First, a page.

Like most eight-year-old girls, Lillian likes to ride bikes, design bracelets, go swimming and hang out with her friends. But Lillian is not the same as most girls her age. “She is an extra rare girl,” her mother says. And rare she is. At two, Lily was diagnosed with a metabolic disease that almost took her life.
That was the beginning of her medical journey. Since then, she has been hospitalized more than a dozen times, and has been diagnosed with epilepsy, muscular myopathy, and a gene mutation that causes malignant hyperthermia. Lillian and her family are no strangers to hospitals and ERs. Even just a few weeks before her wish trip she was undergoing a muscle biopsy. Since the trip, back in November of 2017, she has since been diagnosed with a mitochondrial disease that has an unknown genetic cause and an extremely rare genetic syndrome with only 155 confirmed cases worldwide called ADNP.
Fortunately, Lillian is as strong as they come. A “trooper” her mother says. “She rarely complains, and if anyone asks her about her braces [that she uses for medical reasons] she tells them she is unique.” Even when Lillian eventually had to quit dance when she got older and it increasing became more difficult to keep up with the routines, she stayed positive. When asked what the most difficult aspect of dealing with Lillian’s illness has been, her mother answered that it is “not being able to take this all away from her.” Even though Lillian stays strong throughout her condition, some days are harder than others, and her mother says the family is always planning ahead, “because Lillian getting sick is always in the back of our minds.”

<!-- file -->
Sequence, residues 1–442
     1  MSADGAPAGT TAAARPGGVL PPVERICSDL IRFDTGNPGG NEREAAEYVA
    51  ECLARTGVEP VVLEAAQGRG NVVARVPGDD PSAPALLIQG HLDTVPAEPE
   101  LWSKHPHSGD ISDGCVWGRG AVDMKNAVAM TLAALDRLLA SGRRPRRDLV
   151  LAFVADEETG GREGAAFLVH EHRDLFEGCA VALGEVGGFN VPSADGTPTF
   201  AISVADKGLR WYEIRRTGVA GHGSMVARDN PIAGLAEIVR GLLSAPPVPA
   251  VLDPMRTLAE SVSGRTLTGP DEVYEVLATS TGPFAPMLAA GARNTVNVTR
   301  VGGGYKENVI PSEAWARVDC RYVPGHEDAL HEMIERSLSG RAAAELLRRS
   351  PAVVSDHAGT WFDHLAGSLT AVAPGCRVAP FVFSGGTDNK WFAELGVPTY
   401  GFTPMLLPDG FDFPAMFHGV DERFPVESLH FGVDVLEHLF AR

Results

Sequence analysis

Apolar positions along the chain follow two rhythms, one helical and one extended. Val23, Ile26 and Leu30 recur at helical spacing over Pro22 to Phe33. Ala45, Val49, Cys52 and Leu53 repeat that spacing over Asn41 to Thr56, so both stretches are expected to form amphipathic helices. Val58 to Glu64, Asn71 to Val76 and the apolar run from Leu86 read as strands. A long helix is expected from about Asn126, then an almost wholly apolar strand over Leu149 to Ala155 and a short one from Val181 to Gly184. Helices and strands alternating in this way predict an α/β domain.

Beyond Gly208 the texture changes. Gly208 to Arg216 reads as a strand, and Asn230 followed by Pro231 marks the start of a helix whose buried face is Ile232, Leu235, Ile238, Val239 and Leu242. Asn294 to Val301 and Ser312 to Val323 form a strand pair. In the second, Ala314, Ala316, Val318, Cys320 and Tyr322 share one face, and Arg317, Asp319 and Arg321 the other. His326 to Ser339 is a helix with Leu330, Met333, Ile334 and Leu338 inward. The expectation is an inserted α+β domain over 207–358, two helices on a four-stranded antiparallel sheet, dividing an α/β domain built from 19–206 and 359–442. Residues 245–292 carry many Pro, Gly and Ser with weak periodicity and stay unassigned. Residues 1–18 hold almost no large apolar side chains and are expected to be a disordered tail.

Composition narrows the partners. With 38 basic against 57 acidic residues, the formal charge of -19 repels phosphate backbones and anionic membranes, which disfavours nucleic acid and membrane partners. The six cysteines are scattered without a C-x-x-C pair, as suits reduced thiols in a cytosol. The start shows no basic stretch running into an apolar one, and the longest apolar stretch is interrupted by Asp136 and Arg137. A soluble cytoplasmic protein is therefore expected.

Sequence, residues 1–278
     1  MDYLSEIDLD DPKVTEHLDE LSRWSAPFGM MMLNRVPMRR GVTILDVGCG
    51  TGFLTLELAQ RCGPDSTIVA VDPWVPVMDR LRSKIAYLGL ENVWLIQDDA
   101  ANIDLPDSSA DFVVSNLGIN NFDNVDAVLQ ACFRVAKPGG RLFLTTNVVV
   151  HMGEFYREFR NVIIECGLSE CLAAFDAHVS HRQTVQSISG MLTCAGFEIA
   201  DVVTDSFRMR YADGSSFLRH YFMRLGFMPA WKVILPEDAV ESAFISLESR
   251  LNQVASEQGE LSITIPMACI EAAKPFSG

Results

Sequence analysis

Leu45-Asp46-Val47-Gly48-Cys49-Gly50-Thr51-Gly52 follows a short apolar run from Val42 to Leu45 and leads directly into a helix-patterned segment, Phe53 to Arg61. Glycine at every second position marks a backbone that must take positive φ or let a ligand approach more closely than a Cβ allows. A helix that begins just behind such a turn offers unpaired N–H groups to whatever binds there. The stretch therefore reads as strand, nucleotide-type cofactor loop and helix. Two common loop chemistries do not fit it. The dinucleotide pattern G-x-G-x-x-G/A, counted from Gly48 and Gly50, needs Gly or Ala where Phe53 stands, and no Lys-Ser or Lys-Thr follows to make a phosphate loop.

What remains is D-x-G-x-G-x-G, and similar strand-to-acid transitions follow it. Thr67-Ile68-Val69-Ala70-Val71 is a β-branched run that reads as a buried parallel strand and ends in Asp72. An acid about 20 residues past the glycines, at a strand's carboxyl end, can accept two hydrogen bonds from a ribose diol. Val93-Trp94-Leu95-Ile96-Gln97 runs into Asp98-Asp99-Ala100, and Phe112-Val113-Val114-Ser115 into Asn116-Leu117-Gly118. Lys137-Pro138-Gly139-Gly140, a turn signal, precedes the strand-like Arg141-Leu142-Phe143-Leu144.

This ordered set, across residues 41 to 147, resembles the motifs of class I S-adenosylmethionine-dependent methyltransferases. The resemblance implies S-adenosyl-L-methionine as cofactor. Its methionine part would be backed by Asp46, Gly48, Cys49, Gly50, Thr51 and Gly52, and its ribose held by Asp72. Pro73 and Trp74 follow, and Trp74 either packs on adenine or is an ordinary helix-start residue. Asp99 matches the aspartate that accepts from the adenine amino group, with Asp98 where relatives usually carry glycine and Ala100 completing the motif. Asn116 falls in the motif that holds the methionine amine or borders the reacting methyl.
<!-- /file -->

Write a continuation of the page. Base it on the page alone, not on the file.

A little over a year ago the family found out about Make-A-Wish through the president of the ADNP Foundation, and the family knew a wish was something that Lillian would not only love, but something that would give her the strength she needed to keep fighting. When it came time for Lillian to choose her wish, the choice was any easy one. She quickly thought of the “funnest” place she could think of…and no doubt that was Disney World, “The Happiest Place on Earth!”
During their trip, Lillian dressed up as a princess, met Cinderella, get toys from Santa, and even saw a cute sloth, all the while forgetting about doctor visits or medical procedures. For a few days, she could just be a kid. One thing in particular that stood out to Lillian’s mother was the cast of characters at Universal Studios. “They treated her like royalty and spoke directly to her,” her mother said. The cast members even acted as personal tour guides of sorts, bringing the family to a special area and calling over characters just for Lillian. As the family member who spends the most time with Lillian, her mother told us that “it meant the world to see her eyes light up.”
Lillian’s twin brother, Bennett, also has ADNP syndrom. According to their mom, it’s hard for Bennett to “spend nights alone without Lily. It was important for him to spend this week with his sister and not worry about her.” She continued, “This trip is something our entire family will not soon forget.”